USA Today reported that 23 Private College Presidents Made More Than $1 Million in 2008, while 110 made more than $500,000. In case you were wondering, this is not the norm -- as recently as 2002, there were no million-dollar presidents. And it's no wonder the college administrator gravy train continues despite the down economy. After all, when your "customers" have easy access to credit and pay you with money they don't have, the economy doesn't really matter, does it?
8) The student loan problem cuts across all schools, for profit and nonprofit
Often times the discussion about a high tuition leads to a flogging of for profit colleges. And while for profit colleges are often the worst about shamelessly fattening themselves at the trough of student loans, it's not a for profit vs. non profit issue. In fact, for profit colleges account for less than half of student loan defaults. Nor is the issue one of "good colleges" vs. "bad colleges." As this New York Times article illustrates, even students at prestigious non-profit schools like NYU can find themselves in financially ruinous circumstances because of their student loans.
My line on this is the minimalist one: Don't take on any debt, ever, that you don't have to take on. If you can't afford a private school, then do not enroll in one. There are still affordable publics in this country, and you can even still get a good education at them.
This is not to say that we don't need lots and lots of reform, within the student loan industry and within colleges and universities themselves. Student loans have been too easy to get, and they are too hard for too many to pay off. And if you read this blog, you've heard me time and time again about the way bureaucratic bloat, excessive executive pay, unnecessary country-clubbish perks, academically lame boutique programs and majors, and so on have pushed costs up way beyond what's viable--even as they have failed to do anything meaningful for improving actual education. You've also heard me over and over again about how we need to rethink the idea that a college degree is the only path to economic success. That's just dumbing it all down while wasting the considerable talents of people who are not "book smart" but are very smart, talented, and able in other ways.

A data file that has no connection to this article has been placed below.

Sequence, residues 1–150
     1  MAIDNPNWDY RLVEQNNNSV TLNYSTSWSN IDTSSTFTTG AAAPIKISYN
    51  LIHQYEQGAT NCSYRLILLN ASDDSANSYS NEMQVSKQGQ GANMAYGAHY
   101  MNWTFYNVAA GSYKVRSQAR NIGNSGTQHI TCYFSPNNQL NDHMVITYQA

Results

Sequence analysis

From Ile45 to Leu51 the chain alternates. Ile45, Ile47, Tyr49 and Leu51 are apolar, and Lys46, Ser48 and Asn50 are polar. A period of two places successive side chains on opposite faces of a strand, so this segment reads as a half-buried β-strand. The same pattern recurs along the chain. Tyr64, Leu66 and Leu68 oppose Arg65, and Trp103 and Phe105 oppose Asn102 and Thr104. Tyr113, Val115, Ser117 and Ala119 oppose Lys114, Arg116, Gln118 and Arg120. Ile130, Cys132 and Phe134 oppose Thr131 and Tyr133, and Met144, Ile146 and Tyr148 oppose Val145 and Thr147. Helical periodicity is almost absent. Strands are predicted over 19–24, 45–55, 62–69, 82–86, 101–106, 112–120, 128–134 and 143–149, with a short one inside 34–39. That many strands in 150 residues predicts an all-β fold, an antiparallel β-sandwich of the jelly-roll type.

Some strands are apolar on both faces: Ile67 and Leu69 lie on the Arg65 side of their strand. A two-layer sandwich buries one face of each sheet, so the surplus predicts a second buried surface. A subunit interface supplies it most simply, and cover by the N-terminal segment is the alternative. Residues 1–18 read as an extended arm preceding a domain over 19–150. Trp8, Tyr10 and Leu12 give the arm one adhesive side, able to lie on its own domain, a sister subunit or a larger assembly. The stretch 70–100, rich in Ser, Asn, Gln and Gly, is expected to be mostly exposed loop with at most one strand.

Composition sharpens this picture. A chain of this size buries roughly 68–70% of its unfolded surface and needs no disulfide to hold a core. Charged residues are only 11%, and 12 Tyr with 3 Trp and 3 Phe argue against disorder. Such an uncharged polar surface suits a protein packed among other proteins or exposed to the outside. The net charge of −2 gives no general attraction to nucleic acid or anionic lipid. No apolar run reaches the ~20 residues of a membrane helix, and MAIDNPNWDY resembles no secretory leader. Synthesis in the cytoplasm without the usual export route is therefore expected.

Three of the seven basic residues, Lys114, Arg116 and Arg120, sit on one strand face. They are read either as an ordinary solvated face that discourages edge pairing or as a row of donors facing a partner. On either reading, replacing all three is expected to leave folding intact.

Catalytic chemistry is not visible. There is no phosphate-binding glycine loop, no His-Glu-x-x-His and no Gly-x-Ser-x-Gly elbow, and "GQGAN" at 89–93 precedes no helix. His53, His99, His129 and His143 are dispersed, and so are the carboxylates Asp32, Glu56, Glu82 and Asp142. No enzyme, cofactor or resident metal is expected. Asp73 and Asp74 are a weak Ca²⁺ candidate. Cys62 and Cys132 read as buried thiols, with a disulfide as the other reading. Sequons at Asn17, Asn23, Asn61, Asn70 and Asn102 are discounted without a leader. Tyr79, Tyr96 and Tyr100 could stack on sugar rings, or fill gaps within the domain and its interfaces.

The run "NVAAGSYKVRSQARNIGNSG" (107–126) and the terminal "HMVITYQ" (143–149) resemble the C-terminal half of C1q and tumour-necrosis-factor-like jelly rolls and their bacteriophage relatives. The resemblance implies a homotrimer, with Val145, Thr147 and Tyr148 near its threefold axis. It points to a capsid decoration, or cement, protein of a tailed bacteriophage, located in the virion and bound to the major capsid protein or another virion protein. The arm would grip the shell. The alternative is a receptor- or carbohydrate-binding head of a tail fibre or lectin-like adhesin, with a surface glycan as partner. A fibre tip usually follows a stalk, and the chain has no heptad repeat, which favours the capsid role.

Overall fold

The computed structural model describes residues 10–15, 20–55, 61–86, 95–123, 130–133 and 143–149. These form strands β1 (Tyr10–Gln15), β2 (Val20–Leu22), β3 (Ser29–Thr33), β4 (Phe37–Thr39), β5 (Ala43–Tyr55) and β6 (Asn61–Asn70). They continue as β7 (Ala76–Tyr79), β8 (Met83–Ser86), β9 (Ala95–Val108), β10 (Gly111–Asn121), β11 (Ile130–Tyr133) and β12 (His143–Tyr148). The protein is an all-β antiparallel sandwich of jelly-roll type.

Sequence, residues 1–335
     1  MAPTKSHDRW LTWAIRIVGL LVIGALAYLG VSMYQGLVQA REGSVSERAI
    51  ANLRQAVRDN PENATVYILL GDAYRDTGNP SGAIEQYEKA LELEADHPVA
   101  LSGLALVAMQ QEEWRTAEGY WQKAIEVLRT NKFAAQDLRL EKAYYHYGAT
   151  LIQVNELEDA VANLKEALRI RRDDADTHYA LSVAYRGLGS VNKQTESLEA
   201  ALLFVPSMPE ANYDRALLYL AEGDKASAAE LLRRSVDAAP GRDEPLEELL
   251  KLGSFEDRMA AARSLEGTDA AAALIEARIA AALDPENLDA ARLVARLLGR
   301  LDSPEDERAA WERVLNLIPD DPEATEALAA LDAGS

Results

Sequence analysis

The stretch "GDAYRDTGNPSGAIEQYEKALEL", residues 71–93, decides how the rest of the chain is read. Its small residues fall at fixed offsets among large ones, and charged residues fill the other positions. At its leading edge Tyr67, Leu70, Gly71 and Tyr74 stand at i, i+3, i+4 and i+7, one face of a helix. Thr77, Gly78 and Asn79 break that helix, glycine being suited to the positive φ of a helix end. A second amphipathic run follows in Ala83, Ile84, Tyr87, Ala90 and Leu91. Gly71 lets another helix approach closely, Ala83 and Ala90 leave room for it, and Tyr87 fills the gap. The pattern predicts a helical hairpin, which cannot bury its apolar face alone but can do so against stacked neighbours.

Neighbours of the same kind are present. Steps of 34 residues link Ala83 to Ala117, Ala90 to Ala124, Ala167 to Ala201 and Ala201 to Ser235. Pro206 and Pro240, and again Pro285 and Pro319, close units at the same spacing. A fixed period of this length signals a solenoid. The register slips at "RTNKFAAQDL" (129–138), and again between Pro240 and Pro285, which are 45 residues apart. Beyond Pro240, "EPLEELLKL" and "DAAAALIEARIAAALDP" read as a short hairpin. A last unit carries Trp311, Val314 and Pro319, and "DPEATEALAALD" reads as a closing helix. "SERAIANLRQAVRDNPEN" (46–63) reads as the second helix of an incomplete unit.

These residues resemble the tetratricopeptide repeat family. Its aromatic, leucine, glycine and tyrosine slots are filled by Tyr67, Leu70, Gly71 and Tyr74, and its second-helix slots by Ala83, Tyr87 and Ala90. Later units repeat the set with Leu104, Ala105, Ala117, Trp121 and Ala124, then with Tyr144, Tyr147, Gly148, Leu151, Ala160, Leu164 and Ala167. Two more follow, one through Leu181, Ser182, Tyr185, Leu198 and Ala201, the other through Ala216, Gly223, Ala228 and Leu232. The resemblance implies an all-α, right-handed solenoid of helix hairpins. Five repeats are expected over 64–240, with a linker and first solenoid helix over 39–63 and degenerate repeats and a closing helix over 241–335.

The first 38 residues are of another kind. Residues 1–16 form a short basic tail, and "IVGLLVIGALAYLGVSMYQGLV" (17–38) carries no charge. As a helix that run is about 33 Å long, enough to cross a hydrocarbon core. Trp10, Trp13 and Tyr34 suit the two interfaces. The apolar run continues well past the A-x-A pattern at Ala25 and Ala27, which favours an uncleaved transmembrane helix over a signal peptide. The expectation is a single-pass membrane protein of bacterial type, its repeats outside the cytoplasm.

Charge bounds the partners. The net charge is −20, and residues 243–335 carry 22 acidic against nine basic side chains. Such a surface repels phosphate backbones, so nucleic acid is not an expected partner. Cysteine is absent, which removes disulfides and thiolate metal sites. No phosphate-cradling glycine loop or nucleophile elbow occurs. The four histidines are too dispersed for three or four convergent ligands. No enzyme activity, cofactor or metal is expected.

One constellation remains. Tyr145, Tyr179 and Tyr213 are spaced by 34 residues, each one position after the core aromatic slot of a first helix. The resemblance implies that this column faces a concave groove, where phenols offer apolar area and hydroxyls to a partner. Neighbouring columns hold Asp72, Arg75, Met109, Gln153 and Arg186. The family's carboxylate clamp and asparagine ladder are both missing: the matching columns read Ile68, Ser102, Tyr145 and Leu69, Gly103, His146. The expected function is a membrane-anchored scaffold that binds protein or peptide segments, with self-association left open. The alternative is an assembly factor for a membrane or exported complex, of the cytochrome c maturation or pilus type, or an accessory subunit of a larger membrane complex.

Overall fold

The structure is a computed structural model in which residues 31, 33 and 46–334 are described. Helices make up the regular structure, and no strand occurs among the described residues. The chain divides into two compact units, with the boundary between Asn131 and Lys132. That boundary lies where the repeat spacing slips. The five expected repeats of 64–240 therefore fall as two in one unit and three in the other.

But people are getting smarter--and the recession is forcing them to become just a bit more financially literate than they were before. Fewer folks are going to make decisions that they know will harm them financially--and colleges and universities are, I hope, going to have to recalibrate when they struggle to enroll, when diversity falters as a result, and when they are forced to confront their ethical lapses in recruiting students who cannot pay for the product they are selling (we need to be brutally economic in our vocabulary in this instance).
This is not a tragedy. It is an opportunity.
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I was at a restaurant the other day and the waiter, noticing my copy of Financial Times, asked for some career advice. He had recently gotten an undergraduate finance degree from a low-ranked college, and his career success so far was indicated by the fact he was working as a waiter. His objective was to do something in investment banking, and his plan was to go to a very expensive (but not top-tier) college to get an MBA in finance.
This guy's chance of ever working as an investment banker at Goldman or equivalent was extremely remote, but I'm sure there are plenty of universities that would be willing to take his money (mostly in the form of debt, no doubt) to feed that fantasy.
You've probably already discussed this, but I'm (sadly) new here.
How do you think the federal takeover of student loans going to affect this bubble? My guess is that it will prevent it from bursting until the whole country suffers.
To add some extra grist to this mill see recent Rasmussen Poll:
"31% Say It’s Too Hard To Get A Student Loan"